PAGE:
Working towards net zero on farms
Helping farmers in Cornwall achieve net zero is the aim of a collaborative project involving more than 40 farm businesses. We spoke to project officer Alex Bebbington to find out more.
Farmers in east Cornwall are working on reducing emissions and increasing soil carbon sequestration with the help of a group of experts from five organisations. The Farm Net Zero project will see trials of different farming methods and extensive testing and measurement to quantify improvements.
It follows the successful completion of The Soil Carbon Project in 2021, which investigated the best methods for quantifying soil carbon on farms. This project involved farms across the county testing different methods and culminated in the publication of a field and lab guide summarising the team’s recommended approach.
But the farmers involved wanted to continue measuring soil carbon and carbon footprints to see the differences their changed farming practices make over time, explains project officer Alex Bebbington from Duchy College’s Rural Business School.
The Farm Net Zero project was launched in early 2021 as a collaboration between Farm Carbon Toolkit, Westcountry Rivers Trust, Innovative Farmers, Innovation for Agriculture and Duchy College, with funding from the National Lottery Communities Fund.
Demo farms seek the best ways to reach net zero
“Over five years we will be working with three demo farms, which all have the goal of achieving net zero by 2025,” Alex says. The three farms are Blable Farm at Wadebridge (suckler beef), Erth Barton on the Antony Estate (beef and cereals) and Ennis Barton at Fraddon (dairy and beef). Over the duration of the project, other farmers will be invited to visit the farms to see the practices they implement, he explains.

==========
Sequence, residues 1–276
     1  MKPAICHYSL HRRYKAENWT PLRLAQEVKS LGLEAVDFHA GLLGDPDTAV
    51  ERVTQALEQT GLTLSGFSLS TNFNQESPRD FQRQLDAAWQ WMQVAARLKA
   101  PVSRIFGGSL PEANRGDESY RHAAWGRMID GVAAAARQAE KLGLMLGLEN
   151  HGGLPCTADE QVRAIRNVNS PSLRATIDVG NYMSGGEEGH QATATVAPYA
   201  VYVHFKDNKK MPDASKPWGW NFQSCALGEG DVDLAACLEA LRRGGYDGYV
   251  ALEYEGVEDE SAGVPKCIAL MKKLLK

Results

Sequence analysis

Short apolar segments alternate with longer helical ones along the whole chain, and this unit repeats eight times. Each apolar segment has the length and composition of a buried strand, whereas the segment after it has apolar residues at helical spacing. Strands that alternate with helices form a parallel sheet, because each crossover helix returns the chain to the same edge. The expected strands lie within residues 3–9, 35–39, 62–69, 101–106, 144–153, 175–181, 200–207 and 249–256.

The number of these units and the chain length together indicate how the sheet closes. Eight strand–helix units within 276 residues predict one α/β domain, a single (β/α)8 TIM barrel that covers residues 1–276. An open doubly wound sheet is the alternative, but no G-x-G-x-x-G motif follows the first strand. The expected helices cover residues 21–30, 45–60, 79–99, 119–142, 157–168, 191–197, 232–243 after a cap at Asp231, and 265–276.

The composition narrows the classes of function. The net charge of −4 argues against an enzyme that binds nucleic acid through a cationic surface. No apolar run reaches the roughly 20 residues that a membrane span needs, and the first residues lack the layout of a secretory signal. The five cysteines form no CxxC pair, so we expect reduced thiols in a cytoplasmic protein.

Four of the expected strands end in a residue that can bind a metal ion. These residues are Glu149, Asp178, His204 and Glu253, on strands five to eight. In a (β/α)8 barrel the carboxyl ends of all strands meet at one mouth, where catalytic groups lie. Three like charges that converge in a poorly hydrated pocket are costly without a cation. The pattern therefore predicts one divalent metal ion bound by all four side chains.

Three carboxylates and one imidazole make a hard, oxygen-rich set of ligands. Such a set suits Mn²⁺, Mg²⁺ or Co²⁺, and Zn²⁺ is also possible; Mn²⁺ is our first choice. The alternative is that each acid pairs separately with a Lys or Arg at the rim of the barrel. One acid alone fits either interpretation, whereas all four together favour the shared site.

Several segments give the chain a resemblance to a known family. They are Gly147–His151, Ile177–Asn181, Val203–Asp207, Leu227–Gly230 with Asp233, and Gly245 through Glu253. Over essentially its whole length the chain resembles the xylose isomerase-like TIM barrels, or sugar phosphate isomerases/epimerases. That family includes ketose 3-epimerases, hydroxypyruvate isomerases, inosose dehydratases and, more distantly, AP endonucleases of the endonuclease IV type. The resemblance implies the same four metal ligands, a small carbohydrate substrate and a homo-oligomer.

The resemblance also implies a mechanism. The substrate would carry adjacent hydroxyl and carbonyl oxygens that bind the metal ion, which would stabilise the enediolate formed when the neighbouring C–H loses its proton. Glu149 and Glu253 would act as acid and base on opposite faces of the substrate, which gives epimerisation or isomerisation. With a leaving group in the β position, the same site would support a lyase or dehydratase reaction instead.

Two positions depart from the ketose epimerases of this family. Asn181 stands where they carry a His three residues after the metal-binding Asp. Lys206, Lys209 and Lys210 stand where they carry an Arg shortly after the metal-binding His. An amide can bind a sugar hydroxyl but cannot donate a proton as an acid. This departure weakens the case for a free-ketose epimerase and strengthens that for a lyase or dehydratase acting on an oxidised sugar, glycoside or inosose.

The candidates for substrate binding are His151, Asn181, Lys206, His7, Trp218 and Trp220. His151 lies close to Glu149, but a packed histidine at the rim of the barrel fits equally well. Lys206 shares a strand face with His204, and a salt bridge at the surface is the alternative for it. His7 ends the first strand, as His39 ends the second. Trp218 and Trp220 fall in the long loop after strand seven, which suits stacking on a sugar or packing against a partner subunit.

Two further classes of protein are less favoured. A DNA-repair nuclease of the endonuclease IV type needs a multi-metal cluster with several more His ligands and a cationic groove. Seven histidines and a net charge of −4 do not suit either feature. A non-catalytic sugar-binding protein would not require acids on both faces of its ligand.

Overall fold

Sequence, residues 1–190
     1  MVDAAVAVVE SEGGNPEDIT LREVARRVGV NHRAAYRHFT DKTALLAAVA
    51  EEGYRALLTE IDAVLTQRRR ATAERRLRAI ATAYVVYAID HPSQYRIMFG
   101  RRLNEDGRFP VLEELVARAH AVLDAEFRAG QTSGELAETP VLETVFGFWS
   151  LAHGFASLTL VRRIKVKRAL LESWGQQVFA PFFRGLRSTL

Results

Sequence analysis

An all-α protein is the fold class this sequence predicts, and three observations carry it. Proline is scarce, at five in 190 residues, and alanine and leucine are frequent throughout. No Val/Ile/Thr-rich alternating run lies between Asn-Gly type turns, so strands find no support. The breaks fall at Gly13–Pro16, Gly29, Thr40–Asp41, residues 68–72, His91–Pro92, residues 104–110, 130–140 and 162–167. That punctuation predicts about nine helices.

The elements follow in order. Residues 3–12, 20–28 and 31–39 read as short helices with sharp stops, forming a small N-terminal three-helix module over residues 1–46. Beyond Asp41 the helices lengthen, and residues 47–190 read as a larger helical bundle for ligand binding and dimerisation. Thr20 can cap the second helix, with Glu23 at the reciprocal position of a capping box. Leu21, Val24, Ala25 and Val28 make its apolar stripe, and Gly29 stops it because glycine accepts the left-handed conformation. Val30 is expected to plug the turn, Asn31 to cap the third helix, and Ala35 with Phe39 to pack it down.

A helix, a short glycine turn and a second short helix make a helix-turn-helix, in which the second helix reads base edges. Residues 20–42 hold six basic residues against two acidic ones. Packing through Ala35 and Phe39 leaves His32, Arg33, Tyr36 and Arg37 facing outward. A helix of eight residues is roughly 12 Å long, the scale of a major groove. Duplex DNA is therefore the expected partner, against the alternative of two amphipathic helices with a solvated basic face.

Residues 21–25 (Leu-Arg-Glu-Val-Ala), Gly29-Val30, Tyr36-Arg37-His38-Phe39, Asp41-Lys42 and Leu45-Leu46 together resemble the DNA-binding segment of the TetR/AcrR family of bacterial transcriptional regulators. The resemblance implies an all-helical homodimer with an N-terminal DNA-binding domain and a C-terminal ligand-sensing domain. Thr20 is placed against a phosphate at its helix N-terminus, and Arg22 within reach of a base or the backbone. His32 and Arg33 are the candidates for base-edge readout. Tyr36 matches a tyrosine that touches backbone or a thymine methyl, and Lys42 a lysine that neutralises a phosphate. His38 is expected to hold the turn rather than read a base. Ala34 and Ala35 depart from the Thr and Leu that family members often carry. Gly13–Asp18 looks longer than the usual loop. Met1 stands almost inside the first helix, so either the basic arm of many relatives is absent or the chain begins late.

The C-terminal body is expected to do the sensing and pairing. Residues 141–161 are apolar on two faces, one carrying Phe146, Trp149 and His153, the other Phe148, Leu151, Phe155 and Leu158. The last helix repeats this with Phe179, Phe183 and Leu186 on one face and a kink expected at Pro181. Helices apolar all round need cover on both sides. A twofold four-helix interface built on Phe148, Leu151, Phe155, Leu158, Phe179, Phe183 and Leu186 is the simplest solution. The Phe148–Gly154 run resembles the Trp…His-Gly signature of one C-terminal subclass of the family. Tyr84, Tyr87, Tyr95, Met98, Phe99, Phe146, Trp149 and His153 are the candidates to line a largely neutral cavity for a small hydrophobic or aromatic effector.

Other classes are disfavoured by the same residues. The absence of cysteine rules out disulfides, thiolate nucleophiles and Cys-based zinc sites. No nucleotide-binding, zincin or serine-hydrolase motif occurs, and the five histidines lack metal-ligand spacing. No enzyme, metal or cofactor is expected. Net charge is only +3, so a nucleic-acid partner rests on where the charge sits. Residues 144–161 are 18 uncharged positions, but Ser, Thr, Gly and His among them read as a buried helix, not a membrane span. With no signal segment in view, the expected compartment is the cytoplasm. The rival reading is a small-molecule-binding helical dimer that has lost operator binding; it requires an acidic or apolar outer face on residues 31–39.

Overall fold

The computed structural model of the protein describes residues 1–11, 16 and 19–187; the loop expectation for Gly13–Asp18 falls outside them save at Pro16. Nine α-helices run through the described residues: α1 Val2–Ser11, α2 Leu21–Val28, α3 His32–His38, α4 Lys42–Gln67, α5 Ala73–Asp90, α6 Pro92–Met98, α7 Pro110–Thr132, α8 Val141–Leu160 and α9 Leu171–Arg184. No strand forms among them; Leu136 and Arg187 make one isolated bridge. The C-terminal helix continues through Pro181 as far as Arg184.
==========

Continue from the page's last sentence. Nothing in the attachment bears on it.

These practices include rotational grazing. “By setting up paddocks and moving stock every couple of days, you can avoid overgrazing and reduce fertiliser use. You also don’t need as much livestock feed which costs money and contributes to the farm’s carbon footprint.”
Other examples include use of compost, either from a green waste company or by processing farmyard manure. “One of our farmers is using green waste bedding in their cattle sheds. They no longer have to buy in straw from arable areas and after use in the sheds, it can be directly applied to the fields. It has more available nutrients than normal farmyard manure, so there are lots of benefits,” he says.
Overwinter grazing, diverse cover crops, the performance of dairy cows on mixed herbal leys and the use of field vegetables in a forage rotation are also being investigated on the demo farms.
Some 40 monitor farms have also been recruited across east Cornwall. They have had baseline calculations taken for carbon footprint and soil carbon, and will be introducing practices to improve soil health which will be tested annually.
The project team hopes this work will create a more in-depth understanding of the link between different farming practices and soil carbon sequestration. Alex concludes: “We will be able to show farmers the benefits they bring not just for the planet, but for their businesses too.”
Farmers are currently seeing the biggest changes in agriculture for more than 50 years. As a mutual insurer, we’ve stood by South West farmers since 1903 and through our Future Farming Programme, we are helping our Members and the wider farming community navigate the changes ahead in this transformative time.Future Farming Programme